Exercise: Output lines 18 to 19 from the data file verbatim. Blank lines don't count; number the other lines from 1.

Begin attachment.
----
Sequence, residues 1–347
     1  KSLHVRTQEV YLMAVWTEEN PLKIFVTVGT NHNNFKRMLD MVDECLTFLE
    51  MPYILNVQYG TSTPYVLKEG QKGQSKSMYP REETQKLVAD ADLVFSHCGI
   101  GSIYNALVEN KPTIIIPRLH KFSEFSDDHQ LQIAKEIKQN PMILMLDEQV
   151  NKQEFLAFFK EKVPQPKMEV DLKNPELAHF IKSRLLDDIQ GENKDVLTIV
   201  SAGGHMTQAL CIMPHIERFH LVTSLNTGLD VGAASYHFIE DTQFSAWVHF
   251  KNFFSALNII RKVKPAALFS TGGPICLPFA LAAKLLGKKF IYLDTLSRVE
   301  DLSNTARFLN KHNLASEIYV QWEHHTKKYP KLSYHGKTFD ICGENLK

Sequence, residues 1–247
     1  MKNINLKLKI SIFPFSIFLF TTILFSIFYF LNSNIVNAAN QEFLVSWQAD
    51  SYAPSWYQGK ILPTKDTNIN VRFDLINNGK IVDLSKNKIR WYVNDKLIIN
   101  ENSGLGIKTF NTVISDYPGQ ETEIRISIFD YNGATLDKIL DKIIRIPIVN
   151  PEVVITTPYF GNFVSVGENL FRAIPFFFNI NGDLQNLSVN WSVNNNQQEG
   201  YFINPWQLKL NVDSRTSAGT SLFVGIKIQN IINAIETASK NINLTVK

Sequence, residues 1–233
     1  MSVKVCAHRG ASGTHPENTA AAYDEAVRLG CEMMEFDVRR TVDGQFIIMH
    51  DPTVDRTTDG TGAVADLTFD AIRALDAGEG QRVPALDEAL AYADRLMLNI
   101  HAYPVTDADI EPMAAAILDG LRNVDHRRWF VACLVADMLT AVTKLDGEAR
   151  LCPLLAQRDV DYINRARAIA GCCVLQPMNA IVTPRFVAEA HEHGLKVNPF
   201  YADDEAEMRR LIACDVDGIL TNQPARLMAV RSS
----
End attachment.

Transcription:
   101  HAYPVTDADI EPMAAAILDG LRNVDHRRWF VACLVADMLT AVTKLDGEAR
   151  LCPLLAQRDV DYINRARAIA GCCVLQPMNA IVTPRFVAEA HEHGLKVNPF